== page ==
A&A 493, 1125-1139 (2009)
Standing on the shoulders of giants
Trojan Earths and vortex trapping in low mass self-gravitating protoplanetary disks of gas and solidsW. Lyra1, A. Johansen2, H. Klahr3, and N. Piskunov1
1 Department of Physics and Astronomy, Uppsala Astronomical Observatory, Box 515, 75120 Uppsala, Sweden
2 Leiden Observatory, Leiden University, PO Box 9513, 2300 RA Leiden, The Netherlands
3 Max-Planck-Institut für Astronomie, Königstuhl 17, 69117 Heidelberg, Germany
Received 13 August 2008 / Accepted 28 October 2008
Context. Centimeter and meter-sized solid particles in protoplanetary disks are trapped within long-lived, high-pressure regions, creating opportunities for collapse into planetesimals and planetary embryos.
Aims. We aim to study the effect of the high-pressure regions generated in the gaseous disks by a giant planet perturber. These regions consist of gas retained in tadpole orbits around the stable Lagrangian points as a gap is carved, and the Rossby vortices launched at the edges of the gap.
Methods. We performed global simulations of the dynamics of gas and solids in a low mass non-magnetized self-gravitating thin protoplanetary disk. We employed the Pencil code to solve the Eulerian hydro equations, tracing the solids with a large number of Lagrangian particles, usually 100 000. To compute the gravitational potential of the swarm of solids, we solved the Poisson equation using particle-mesh methods with multiple fast Fourier transforms.
Results. Huge particle concentrations are seen in the Lagrangian points of the giant planet, as well as in the vortices they induce at the edges of the carved gaps. For 1 cm to 10 cm radii, gravitational collapse occurs in the Lagrangian points in less than 200 orbits. For 5 cm particles, a 2 planet is formed. For 10 cm, the final maximum collapsed mass is around 3 . The collapse of the 1 cm particles is indirect, following the timescale of gas depletion from the tadpole orbits. Vortices are excited at the edges of the gap, primarily trapping particles of 30 cm radii. The rocky planet that is formed is as massive as 17 , constituting a Super-Earth. Collapse does not occur for 40 cm onwards. By using multiple particle species, we find that gas drag modifies the streamlines in the tadpole region around the classical L4 and L5 points. As a result, particles of different radii have their stable points shifted to different locations. Collapse therefore takes longer and produces planets of lower mass. Three super-Earths are formed in the vortices, the most massive having 4.5 .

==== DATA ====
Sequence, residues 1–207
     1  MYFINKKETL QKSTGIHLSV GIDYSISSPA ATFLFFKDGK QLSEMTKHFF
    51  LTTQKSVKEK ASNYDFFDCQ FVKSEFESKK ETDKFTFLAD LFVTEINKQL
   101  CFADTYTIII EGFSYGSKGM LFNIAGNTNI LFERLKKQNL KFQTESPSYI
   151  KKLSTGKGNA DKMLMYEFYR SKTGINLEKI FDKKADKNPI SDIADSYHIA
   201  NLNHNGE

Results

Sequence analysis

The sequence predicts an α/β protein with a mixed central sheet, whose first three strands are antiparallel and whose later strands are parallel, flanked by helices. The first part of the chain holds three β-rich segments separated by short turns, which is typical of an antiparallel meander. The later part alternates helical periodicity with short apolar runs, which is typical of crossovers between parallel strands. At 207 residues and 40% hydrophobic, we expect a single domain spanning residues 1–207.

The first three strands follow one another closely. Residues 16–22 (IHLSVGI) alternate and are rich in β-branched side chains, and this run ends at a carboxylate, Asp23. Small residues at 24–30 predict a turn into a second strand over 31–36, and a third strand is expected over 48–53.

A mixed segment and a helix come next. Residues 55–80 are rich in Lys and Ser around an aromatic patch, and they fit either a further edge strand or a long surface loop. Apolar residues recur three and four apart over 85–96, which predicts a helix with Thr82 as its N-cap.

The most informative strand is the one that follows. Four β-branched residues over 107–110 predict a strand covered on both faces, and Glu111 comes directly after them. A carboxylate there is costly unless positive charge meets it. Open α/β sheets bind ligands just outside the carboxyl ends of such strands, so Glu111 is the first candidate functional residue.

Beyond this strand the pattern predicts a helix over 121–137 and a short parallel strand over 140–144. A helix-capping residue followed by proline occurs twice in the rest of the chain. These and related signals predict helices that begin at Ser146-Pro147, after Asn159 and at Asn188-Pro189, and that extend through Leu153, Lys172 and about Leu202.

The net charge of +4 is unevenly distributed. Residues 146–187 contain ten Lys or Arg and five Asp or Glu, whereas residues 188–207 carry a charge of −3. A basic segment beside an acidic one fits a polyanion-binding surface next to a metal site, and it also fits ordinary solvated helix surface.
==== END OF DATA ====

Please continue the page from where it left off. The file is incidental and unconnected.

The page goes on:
Conclusions. A Jupiter-mass planet can induce the formation of other planetary embryos at the outer edge of its gas gap. Trojan Earth-mass planets are readily formed; although not existing in the solar system, might be common in the exoplanetary zoo.
Key words: accretion, accretion disks -- hydrodynamics -- instabilities -- methods: numerical -- solar system: formation -- planets and satellites: formation
© ESO 2009